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Exploring the roots of conspiracy theories

By Bertina Fan Dec. 15, 2022

The car crash that resulted in Princess Diana’s death on Aug. 31, 1997 shocked the world, with the circumstances surrounding the incident causing people to question whether it was truly an accident. A popular belief was that the royal family hired British intelligence agencies to assassinate the princess. Although the event occurred 25 years ago, people are still intrigued by it and continue to doubt the reported details of her passing.


Jane Hong Art

Such theories are known as conspiracy theories—suggestions made on the possibility of an unrevealed plot planned by powerful conspirators. One of the earliest known conspiracy theories was formed during the Great Fire of Rome, when a large fire razed the Circus Maximus stadium and burned a total of 14 Roman districts. According to National Geographic, rumors spread that Emperor Nero burned down the city to rebuild it according to his own plans.


Other historical examples of conspiracy theories include witch hunts and genocides. However, as reported by the Oxford University Press, it was not until the 1930s that the first psychological studies of conspiracy theories were conducted. By the 1950s, conspiracy theories were influencing public opinion and receiving more attention in the media.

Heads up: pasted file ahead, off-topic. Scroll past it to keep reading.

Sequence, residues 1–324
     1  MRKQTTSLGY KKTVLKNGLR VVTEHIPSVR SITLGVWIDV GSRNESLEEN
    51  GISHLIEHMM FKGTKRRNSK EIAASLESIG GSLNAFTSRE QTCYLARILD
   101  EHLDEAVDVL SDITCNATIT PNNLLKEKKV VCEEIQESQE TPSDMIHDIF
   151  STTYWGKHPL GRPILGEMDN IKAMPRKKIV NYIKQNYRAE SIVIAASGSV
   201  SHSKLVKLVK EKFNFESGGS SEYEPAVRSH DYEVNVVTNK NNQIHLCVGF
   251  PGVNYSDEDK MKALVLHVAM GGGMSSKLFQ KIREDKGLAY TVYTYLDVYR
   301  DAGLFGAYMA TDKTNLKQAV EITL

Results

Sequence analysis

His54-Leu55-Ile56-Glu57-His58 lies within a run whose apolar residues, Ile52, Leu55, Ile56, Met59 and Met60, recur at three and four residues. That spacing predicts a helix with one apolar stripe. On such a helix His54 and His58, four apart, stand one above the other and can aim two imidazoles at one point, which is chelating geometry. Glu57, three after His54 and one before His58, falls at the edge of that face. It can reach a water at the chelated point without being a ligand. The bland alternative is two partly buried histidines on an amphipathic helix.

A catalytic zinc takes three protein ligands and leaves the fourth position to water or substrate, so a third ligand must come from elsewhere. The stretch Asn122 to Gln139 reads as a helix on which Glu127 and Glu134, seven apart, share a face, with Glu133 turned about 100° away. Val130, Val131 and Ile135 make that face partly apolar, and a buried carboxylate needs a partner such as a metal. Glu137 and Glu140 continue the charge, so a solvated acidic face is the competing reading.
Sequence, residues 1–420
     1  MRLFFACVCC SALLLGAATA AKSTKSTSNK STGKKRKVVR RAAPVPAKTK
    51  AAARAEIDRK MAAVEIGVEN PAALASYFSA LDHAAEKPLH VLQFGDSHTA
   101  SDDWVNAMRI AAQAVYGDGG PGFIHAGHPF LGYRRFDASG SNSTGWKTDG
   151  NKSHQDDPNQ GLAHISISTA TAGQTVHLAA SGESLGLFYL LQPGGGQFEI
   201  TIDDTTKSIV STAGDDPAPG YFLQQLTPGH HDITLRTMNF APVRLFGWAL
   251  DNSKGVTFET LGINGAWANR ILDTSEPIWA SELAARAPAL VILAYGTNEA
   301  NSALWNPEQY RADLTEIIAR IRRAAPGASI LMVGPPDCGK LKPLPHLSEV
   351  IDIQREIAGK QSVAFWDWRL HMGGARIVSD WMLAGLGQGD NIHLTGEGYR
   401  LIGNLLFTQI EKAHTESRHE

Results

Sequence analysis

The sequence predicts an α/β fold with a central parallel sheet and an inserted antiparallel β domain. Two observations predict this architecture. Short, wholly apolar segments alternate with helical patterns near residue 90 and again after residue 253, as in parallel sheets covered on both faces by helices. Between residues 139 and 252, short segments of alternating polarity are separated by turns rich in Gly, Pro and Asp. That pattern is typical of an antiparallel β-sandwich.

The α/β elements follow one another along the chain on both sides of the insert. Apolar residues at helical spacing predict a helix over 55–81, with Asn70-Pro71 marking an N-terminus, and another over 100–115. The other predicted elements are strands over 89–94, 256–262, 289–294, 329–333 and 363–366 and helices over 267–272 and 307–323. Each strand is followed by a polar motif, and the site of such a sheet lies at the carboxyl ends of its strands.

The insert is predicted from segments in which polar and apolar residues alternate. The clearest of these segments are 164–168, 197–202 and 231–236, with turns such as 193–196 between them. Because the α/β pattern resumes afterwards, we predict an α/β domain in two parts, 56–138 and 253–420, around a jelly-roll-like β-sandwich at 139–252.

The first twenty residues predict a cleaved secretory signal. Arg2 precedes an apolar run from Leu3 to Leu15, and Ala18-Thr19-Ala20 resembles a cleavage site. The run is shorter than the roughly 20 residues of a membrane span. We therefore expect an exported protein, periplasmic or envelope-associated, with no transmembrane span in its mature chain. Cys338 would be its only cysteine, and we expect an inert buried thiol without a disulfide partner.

“The majority of conspiracy theories are made for entertainment and rarely have substantial evidence to support them. People overanalyze events, causing them to make baseless claims. One conspiracy theory I know of is the belief that Earth is flat, which is a blatant lie that has been debunked by science,” Sophomore Mei Lau said.

According to Louisiana State University, conspiracy theories typically stem from a lack of official information and motivated reasoning—made up of confirmation, disconfirmation and attitude-congruence bias thought processes. These biases influence individuals to use data to confirm previous beliefs, discredit counterarguments and view evidence supporting their beliefs in a superior light than other data. Conspiracy theories also offer seemingly sensical explanations for complex phenomena, helping people relieve stress and cope with crises.

Jane Hong Art

Events that are most likely to generate conspiracy theories are political, historical or cultural, according to Karen Douglas, a social psychologist at the University of Kentucky. Several conspiracy theories are developed based on the idea that a group in power is plotting in secret. For example, the lack of official information during the COVID-19 pandemic resulted in the circulation of several conspiracy theories—including one about how the virus was created by the government, social science journal SAGE Open states.


“Conspiracy theories are interesting as they allow us to understand what other people think of different topics. They let individuals see the various, unique thought processes of others. It does get annoying when people begin to repeat a joke conspiracy, but most are not too harmful,” Junior Ariya Acharya said.

Naturally, curiosity can lead people to question themselves and begin analyzing concepts they have not fully grasped. Conspiracy theories are an adaptation of this curiosity that delve into more indirect explanations for the specific details of an event. While many of these ideas may lack evidential support, some offer interesting propositions that could be further investigated in the future.

 

About the Contributors

Bertina Fan

lifestyle & feature school editor


Bertina Fan is the page editor of Lifestyle and Feature School. She loves birds and boba tea.








Jane Hong

artist


Jane Hong is a freshman at Leland High School and works as an artist for The Charger Account. In her free time, Jane dances to K-pop, watches k-dramas, and practices drawing.

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